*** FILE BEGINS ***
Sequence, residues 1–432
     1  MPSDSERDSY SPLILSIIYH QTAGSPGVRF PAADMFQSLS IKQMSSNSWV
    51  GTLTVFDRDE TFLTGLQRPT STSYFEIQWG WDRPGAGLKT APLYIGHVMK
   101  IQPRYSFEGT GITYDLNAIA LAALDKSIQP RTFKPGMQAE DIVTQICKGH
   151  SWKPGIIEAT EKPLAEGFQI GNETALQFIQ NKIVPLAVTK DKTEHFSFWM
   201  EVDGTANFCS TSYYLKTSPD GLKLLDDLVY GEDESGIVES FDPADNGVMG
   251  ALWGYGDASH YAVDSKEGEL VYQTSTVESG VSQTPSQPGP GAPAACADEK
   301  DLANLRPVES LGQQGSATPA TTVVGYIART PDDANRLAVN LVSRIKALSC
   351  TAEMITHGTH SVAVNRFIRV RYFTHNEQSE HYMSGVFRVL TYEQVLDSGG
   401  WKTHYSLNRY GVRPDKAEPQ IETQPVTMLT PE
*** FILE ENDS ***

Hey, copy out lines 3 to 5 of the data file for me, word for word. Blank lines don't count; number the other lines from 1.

    51  GTLTVFDRDE TFLTGLQRPT STSYFEIQWG WDRPGAGLKT APLYIGHVMK
   101  IQPRYSFEGT GITYDLNAIA LAALDKSIQP RTFKPGMQAE DIVTQICKGH
   151  SWKPGIIEAT EKPLAEGFQI GNETALQFIQ NKIVPLAVTK DKTEHFSFWM